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Slicky slicky

DSCF1182DSCF1181DSCF1175DSCF1176DSCF1178DSCF1180DSCF1187Still working on the ’57 to wrap up the week. Today we were able to get the doors and deck lid sanded down for buffing. Jordan started on the deck lid then moved to the doors. Paul couldn’t resist the fun and quickly helped Jordan out. Once they had the truck ready, Paul started the buffing process while Jordan sanded the doors. Just like the sanding process, the buffing process consists of 3 steps. First step is a cutting compound. This process removes the sanding scratches but leaves its on scratches from the process. The next step is a polishing compound that removes the scratches left by the first, but it too leaves really fine swirl marks. The final step removes the really fine swirls and leaves the paint super smooth and scratch free. Its a long process but very worth it when only the best will do. We didnt quite get done with the buffing, but the last picture shows what the paint looks like after one round of step 2. Yes, sometimes you have to go over it a few times to get it right but its worth it in the end.

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It all hinges on this

DSCF1166DSCF1165DSCF1164DSCF1163DSCF1162DSCF1161DSCF1160DSCF1173DSCF1172DSCF1174DSCF1171DSCF1170DSCF1169Yesterday started off with a little sand blasting. Jordan blasted the hood hinges and the door hinges for the ’57 Chevy. Once they were done, Cole took his turn sanding them back down smooth. Once that was finished up, Paul cleaned them up and sprayed a coat of DP epoxy on them and followed that with the appropriate colors for the parts. The hood hinges were painted a soft silver color with a flat clear coat and the door hinges were painted the factory Tropical Turquoise then cleared with a high gloss clear. Today we started the wet sanding process. This part of the paint job separates the men from the boys. This is where the super smooth, mirror like finish comes from. Jordan started with 1000 grit sand paper and carefully sanded the clear coat to remove what little orange peel was there. He then went back over that with 2000 grit paper and followed that will 3000. This process will provide a super high gloss and an ultra flat surface. You will easily be able to shave using this paint as a mirror.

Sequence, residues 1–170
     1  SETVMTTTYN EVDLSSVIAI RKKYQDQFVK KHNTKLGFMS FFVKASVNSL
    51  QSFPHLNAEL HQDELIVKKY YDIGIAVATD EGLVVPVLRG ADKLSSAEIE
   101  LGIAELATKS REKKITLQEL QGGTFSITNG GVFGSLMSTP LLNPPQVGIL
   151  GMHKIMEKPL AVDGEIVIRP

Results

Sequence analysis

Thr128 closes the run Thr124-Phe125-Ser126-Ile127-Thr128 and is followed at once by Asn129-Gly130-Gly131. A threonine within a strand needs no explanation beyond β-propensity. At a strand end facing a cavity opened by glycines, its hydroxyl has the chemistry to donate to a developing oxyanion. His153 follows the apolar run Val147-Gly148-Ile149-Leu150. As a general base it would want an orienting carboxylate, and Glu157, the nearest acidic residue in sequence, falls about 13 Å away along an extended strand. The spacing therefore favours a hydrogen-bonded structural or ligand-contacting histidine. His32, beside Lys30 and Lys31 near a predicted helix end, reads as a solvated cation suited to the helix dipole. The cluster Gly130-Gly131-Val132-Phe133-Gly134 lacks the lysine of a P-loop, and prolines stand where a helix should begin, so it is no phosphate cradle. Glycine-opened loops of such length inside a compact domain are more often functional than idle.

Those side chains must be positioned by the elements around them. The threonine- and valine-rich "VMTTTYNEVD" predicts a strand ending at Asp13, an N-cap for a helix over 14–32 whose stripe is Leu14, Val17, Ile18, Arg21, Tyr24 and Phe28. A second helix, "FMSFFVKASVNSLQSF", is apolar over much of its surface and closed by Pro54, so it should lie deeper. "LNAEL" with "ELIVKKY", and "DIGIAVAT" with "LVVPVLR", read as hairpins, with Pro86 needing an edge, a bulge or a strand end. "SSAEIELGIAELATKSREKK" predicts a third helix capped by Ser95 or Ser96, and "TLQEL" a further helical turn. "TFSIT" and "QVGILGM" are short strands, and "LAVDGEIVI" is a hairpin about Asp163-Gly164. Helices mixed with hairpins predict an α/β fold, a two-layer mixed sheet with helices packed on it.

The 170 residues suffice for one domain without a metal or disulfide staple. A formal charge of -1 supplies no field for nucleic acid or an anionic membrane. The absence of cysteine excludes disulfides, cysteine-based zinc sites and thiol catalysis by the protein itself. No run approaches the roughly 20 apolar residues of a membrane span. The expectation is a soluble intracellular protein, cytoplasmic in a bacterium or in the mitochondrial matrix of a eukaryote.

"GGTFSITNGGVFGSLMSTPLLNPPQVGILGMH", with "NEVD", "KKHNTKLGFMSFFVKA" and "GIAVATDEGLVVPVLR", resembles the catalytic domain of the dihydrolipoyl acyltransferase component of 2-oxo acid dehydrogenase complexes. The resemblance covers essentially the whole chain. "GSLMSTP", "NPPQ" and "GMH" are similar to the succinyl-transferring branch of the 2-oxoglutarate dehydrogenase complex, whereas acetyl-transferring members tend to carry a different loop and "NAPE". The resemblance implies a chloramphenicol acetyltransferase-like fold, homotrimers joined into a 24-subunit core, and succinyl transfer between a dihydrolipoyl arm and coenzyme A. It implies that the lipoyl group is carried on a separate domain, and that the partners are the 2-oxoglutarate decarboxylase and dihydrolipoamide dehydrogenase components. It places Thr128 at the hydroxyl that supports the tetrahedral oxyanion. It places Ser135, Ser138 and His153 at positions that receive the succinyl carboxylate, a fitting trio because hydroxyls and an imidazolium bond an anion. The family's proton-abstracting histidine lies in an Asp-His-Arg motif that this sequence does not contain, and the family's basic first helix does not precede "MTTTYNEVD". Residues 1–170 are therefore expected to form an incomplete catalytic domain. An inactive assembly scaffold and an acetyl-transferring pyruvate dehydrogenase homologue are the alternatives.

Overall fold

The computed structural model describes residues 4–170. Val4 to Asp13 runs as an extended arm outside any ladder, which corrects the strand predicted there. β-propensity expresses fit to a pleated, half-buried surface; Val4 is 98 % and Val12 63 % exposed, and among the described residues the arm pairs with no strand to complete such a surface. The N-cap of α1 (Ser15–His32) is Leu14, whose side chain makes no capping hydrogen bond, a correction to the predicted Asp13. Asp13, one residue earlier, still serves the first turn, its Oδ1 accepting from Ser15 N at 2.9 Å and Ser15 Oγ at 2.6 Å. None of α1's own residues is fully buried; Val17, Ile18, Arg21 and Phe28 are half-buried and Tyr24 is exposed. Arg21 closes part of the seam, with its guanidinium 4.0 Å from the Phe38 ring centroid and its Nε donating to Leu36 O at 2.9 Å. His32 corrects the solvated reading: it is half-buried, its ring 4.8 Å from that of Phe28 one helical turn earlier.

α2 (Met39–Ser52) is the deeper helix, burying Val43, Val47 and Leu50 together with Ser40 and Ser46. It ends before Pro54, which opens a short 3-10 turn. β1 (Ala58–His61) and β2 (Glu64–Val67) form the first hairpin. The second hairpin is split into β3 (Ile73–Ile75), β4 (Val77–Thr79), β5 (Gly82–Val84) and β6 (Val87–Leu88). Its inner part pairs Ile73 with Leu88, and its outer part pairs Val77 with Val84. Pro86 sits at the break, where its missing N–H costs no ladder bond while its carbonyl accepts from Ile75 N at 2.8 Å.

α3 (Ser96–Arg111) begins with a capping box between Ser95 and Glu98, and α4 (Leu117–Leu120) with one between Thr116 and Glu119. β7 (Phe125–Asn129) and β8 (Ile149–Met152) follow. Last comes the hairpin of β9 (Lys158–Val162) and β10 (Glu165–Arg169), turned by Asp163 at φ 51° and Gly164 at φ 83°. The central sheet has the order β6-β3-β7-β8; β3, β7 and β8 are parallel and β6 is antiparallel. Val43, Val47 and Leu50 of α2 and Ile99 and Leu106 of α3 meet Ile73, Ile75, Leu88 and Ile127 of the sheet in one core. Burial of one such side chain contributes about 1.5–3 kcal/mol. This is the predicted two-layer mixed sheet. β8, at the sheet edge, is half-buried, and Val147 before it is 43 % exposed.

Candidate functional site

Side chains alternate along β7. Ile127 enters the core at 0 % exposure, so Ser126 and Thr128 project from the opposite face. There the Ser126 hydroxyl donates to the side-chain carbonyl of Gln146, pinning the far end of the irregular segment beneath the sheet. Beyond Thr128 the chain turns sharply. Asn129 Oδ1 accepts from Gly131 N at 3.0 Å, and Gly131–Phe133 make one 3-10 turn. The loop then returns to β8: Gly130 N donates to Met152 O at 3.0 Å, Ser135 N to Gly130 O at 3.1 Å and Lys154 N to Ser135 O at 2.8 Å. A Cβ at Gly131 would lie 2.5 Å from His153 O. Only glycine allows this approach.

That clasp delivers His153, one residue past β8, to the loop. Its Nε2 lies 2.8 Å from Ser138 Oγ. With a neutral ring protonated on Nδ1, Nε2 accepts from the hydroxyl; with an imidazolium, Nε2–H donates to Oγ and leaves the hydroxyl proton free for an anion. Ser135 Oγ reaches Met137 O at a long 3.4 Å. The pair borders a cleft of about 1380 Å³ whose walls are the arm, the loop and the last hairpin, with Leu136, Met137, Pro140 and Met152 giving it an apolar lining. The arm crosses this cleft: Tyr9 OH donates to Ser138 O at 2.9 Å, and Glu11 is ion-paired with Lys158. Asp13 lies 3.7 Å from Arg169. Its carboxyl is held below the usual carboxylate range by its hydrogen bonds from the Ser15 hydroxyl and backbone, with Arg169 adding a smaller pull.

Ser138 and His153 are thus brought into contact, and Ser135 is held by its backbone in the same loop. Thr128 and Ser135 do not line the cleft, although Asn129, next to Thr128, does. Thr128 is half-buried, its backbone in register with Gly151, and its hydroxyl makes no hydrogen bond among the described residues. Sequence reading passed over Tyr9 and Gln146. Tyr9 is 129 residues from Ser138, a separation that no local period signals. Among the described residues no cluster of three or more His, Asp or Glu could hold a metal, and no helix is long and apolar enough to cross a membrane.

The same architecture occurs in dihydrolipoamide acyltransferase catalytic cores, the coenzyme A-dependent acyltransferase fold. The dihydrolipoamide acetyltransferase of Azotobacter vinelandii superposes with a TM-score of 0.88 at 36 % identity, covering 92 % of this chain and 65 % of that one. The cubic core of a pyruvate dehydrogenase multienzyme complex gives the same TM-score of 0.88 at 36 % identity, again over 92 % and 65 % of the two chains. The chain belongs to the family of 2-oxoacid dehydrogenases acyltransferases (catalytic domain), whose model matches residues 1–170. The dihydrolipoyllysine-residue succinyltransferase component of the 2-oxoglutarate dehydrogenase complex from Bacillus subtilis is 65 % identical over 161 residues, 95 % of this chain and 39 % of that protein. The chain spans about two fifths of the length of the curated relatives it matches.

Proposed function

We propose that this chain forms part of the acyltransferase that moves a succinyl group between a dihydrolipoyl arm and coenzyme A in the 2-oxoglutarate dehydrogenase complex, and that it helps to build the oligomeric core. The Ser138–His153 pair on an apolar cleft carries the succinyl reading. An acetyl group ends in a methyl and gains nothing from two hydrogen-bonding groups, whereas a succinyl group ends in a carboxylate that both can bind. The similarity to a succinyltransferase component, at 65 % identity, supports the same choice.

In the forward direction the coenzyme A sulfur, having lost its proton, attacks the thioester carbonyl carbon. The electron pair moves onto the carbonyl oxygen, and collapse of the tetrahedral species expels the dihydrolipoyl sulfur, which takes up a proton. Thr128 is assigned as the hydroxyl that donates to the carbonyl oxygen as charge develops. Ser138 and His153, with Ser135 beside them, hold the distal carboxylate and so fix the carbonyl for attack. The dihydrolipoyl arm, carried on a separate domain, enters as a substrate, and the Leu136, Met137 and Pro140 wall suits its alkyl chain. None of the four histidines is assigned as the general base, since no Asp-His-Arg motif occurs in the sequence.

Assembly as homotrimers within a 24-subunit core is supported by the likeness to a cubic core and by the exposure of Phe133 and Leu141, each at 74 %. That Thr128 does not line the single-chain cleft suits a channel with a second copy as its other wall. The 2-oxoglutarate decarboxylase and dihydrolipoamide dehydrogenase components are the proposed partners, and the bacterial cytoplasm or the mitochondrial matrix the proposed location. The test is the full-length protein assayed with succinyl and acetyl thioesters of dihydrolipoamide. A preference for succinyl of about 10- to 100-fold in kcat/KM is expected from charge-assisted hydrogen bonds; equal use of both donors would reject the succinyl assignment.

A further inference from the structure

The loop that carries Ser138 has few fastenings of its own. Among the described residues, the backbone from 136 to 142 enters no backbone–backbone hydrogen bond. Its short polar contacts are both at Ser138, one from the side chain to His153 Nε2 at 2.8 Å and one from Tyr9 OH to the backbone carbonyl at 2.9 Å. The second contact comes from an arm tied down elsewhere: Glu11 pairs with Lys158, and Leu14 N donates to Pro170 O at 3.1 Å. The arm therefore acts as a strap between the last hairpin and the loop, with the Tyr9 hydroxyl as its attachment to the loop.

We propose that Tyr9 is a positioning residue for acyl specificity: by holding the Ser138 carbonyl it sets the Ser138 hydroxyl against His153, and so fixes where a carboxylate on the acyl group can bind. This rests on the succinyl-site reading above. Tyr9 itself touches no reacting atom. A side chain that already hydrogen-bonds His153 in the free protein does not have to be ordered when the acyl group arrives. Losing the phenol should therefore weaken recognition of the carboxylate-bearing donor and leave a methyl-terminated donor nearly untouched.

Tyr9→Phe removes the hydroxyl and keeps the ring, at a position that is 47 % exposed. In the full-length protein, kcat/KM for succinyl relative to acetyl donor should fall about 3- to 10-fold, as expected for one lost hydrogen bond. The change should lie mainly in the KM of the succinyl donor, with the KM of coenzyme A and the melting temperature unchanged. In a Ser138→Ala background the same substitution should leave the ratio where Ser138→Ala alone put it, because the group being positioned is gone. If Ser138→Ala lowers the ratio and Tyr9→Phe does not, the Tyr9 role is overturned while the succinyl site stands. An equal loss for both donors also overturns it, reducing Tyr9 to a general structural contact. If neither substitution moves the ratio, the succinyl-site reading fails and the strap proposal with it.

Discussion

A scrub and rubb

DSCF9255[1]DSCF9254[1]DSCF9253[1]This Solstice came in today to get a couple of small dents repaired. As you can see, there wasnt much to them. We repaired them today ans got them in primer. Tomorrow this one will go in the booth to get painted. The owner has then requested it be buffed and detailed inside and out. This will be in tip top shape by the end of the week.

Cobra teaser

DSCF8710Here is a little teaser of how the Cobra is coming. We have been buffing this one for the past two days and we have just about got it wrapped up. We still have to put a final polishing on it and re-assemble it.

Code red

DSCF8261 DSCF8262 DSCF8264 DSCF8265 DSCF8266 DSCF8255 DSCF8259DSCF8256 DSCF8257 DSCF8258More progress on code red today. The running boards, lower dash and a fender extension were all painted today. While Paul was spraying these, Chris and I was sanding the fenders and cab in preparation for buffing. We started off by sanding the parts with 1000 grit to remove the slight peel. This is where the looks like glass comes from. After the we sand with 1000, we switch to 2000 and sand it by hand again. Once that was completed we sand it a third time with 3000 grit but on a DA sander. This process makes buffing a little easier and really makes for a nice finished product. We will start buffing these out tomorrow and should get it done and all cleaned and polished up.

Buff and polish